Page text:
Nuclear technology survivability
– Accepting applications 5 Februrary 2019
are looking for a U.S. citizen with multidisciplinary science and/or
engineering expertise and an interest in protecting Department of Defense
equipment, critical systems, infrastructure, and personnel from radiological,
nuclear, and electromagnetic pulse threats.
Candidates will be placed at the Defense Threat Reduction Agency (DTRA)
located in Fort Belvoir, Virginia supporting applied research in nuclear
survivability. Candidates must be able to obtain a security clearance.
quantitative abilities and communication skills are sought. The candidate
should have a Ph.D. in science or engineering, such as electrical engineering,
materials science, nuclear physics or engineering, physics, chemistry, health
physics, or computational biology. A multidisciplinary background is preferred. Exposure to, or experience in, nuclear
physics, plasma physics, high energy density physics, health physics,
micro/nanoelectronics, pulsed power, radiation effects, radiation transport, or
system engineering is beneficial. Experience with modeling and simulation tools
in these fields is particularly beneficial. Experimental or theoretical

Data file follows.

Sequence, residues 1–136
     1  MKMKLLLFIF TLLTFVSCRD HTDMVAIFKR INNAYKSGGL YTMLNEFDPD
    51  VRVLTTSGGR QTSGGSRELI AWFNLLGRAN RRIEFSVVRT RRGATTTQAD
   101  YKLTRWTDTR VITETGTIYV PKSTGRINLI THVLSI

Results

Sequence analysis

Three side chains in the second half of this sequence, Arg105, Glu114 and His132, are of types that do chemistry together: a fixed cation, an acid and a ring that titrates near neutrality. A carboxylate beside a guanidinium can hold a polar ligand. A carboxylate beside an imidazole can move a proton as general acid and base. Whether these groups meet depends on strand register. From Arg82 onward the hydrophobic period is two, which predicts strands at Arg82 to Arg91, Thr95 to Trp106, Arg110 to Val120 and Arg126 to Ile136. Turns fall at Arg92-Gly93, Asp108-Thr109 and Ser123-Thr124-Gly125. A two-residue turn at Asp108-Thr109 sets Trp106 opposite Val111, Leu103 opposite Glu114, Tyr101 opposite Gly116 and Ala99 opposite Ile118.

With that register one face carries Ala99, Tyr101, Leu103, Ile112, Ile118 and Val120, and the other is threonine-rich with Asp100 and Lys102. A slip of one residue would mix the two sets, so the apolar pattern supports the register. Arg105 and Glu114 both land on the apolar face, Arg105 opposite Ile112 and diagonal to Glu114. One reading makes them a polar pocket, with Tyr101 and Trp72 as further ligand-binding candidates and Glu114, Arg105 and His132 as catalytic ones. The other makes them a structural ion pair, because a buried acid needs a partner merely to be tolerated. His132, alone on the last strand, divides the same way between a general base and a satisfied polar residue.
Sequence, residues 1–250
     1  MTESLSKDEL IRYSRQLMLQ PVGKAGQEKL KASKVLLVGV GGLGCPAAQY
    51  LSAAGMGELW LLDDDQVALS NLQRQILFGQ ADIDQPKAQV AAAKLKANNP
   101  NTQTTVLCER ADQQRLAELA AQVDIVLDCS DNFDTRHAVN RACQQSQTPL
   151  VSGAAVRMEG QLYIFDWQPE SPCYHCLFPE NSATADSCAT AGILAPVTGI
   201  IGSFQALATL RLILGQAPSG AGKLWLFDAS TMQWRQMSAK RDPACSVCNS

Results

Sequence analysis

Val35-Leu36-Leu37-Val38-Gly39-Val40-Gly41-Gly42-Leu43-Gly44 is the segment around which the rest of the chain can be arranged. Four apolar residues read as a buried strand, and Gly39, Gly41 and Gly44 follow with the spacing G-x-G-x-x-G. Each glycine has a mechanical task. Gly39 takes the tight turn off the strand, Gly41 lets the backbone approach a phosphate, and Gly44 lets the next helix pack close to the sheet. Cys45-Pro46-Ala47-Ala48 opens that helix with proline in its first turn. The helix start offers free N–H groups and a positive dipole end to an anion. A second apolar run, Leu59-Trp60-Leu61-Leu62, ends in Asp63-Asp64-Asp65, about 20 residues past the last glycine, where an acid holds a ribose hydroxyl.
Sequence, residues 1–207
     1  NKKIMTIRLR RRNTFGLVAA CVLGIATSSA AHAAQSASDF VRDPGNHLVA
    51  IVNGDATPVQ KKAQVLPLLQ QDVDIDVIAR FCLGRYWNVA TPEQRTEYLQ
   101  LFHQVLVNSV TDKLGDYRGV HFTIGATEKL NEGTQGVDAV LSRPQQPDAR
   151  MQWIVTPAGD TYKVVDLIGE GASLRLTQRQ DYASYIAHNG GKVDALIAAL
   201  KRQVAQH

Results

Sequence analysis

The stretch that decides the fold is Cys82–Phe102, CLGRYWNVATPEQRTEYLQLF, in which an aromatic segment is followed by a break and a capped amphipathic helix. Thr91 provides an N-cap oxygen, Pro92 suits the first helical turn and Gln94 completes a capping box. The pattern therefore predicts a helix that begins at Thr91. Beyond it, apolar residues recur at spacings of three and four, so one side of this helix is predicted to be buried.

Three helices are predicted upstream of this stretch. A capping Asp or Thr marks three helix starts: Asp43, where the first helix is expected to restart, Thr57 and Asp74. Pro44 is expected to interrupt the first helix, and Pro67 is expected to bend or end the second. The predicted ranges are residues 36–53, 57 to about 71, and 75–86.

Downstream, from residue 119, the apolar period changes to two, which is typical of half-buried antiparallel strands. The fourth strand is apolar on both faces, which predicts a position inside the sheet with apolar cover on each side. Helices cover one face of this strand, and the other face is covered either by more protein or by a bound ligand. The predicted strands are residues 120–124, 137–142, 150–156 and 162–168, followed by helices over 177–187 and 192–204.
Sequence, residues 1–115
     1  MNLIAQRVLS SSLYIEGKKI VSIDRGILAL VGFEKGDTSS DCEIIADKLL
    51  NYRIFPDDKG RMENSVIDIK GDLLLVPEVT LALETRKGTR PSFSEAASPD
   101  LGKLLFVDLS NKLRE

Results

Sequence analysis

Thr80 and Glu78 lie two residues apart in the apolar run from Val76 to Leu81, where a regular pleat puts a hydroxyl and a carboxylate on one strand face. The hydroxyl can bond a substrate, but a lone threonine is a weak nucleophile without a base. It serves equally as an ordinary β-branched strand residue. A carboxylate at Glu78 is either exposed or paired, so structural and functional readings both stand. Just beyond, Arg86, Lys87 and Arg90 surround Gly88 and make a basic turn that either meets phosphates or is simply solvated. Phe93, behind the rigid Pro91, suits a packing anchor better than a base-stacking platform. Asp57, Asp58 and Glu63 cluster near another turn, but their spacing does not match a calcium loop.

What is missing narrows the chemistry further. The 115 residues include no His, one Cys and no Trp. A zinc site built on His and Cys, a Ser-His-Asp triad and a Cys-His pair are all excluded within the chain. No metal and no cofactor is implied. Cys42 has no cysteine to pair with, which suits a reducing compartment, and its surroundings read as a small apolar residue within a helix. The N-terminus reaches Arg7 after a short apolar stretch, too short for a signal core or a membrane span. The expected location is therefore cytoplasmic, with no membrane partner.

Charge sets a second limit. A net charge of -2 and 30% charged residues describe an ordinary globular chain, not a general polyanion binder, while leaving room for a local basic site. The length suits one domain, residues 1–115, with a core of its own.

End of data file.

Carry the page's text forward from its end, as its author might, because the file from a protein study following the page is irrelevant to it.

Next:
specialties are welcome, but candidates need to be willing and flexible at
learning concepts beyond their specialty.
position is located primarily on-site at the Defense Threat Reduction Agency
(DTRA) and is not a lab research position.
Candidates may be directly involved in applied research, modeling, and
analysis efforts depending on expertise and mission alignment.
successful candidate will be expected to assist in the development of research
topics and programs, monitoring and evaluating of research efforts, and the transitioning
of promising technologies.
This position supports DTRA’s
nuclear survivability research efforts. Nuclear
survivability conducts research and development to ensure that critical DoD
systems and national infrastructure can accomplish their designated missions
when exposed to a nuclear weapons effects environment.